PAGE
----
Pregnancy and the Workplace

Whether you have had a baby,  are thinking about having a baby, or simply work with someone who has had a baby, pregnancy in the workplace can be a hot topic.  Just like employees, employers often do not know what they should or can do regarding an employee's pregnancy. This year, TYLA addressed these issues in two written guides: Pregnancy and the Workplace: Know Your Rights(for employees) and Pregnancy and the Workplace: Know Your Duties (for employers).  Both can be found on TYLA's Website. Additionally, TYLA Directors Raymond Baeza, Courtney Barksdale Perez, Baili Rhodes and Shannon White participated in two panel discussions for the 10 Minute Mentor Series.  The panel shared their experiences, and discussed applicable employment law. I encourage each of you to check out this series, and share with your employer clients (and your colleagues). #jointheconversation

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Keeping Stress in Check with Hobbies and Extracurricular Activities

It is easy to allow work to stress you out. Stress often manifests itself when burning the midnight oil; keeping clients and colleagues happy; and tackling other projects. As enjoyable as work may be, sometimes it’s nice to get away from the office and spend time with family and friends. With that said, I know I stress even more when sitting around the house. To deal with that stress and hopefully prevent it before it arises, I try to find activities that keep me busy outside of work.   When it comes to such extracurriculars, I find that I enjoy maintaining a diversity in activities. For instance, I really enjoy exercise. Check out my earlier Lawyers Who Lunch article, “Finding Time for Fitness,” from August 19, 2015. Fitness is critical to a healthy lifestyle and alleviating stress. Over the years, my fitness activities have changed. When I was in high…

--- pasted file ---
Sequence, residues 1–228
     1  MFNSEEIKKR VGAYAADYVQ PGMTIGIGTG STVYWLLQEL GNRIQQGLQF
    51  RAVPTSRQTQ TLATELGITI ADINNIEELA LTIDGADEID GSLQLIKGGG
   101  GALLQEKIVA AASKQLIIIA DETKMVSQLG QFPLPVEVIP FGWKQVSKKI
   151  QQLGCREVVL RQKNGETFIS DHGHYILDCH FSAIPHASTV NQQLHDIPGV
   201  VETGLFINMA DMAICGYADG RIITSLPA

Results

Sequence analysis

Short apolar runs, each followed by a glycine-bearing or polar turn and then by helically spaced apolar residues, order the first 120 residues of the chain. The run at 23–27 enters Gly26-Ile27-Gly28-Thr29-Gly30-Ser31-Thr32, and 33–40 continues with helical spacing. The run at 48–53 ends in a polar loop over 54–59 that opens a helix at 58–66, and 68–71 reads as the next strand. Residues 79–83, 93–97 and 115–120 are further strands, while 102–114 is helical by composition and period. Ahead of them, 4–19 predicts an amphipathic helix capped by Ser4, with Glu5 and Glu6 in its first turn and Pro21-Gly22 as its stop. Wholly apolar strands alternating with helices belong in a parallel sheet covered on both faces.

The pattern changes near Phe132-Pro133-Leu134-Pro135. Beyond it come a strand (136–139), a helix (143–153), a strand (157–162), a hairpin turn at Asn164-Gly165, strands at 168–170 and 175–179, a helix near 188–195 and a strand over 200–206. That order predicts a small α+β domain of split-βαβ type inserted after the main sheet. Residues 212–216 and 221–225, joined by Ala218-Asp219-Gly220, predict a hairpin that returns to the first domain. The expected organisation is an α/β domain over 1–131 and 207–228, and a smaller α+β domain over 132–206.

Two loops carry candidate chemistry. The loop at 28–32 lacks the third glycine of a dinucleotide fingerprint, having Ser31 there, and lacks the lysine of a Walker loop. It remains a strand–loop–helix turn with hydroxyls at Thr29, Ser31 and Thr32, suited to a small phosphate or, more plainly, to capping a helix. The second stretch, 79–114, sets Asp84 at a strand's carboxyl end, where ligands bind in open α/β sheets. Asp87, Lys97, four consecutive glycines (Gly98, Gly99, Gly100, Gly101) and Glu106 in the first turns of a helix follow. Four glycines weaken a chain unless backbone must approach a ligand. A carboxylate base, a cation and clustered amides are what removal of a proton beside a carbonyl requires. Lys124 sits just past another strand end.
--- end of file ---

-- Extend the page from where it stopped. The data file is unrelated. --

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Learning to Say No

Young lawyers are constantly bombarded by partners, other young lawyers, friends, relatives, and members of their communities (business and charitable) to give more and more of their time to various projects, organizations, and work.   However, young attorneys easily over commit by simply saying “yes” to every activity that comes through the door. Being new to the profession, we want to impress others and show people what we are made of.   This article  sums up two major points of why saying “no” is important in your work life—why say “no” in the first place and why “no” isn’t a bad word.   “Because people are expected to be agreeable, you might think that saying ‘no’ means you’re being disagreeable. That’s not really the case: you’re just saying you can’t do what is being asked of you.” – Mark Wilson, Esq.  

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Finding Time for Fitness

As attorneys, we are busy: busy working; busy spending time with our families; busy serving others; and busy making friends. Unfortunately for us, we often overlook caring for ourselves. When we forget, a host of problems arise: depression, undesired weight gain, and loss of energy to name a few. As for undesired weight gain, it’s understandable that when expected to put everyone else first, we as attorneys might forget to feed ourselves nutritious meals or take time to workout. If that weren’t enough, we spend the majority of our time sitting at desks, where the only thing we exercise is bad posture. I propose we take time for ourselves, time to exercise. Exercise combats health conditions and diseases Exercise improves mood Exercise boosts energy Exercise promotes better sleep Exercise improves your sex life Exercise is fun Exercise boosts brainpower Exercise helps build relationships Exercise lets you eat more You probably…

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From the Guy’s Side: What is “Success”?

At my firm job, the path to “success” was well-defined. Bust your hump, bill a ton of hours, do good work, and after 8 or 9 or 10 years, you reach the brass ring that is partnership. After a couple of years on this track, though, my wife and I had our first child. I struggled with how best to reconcile my personal goal of spending as much quality time as possible with my growing family, with my professional goal of “succeeding” in a big firm. I did some soul searching, and I came out of it with a new, personal definition of “success.”

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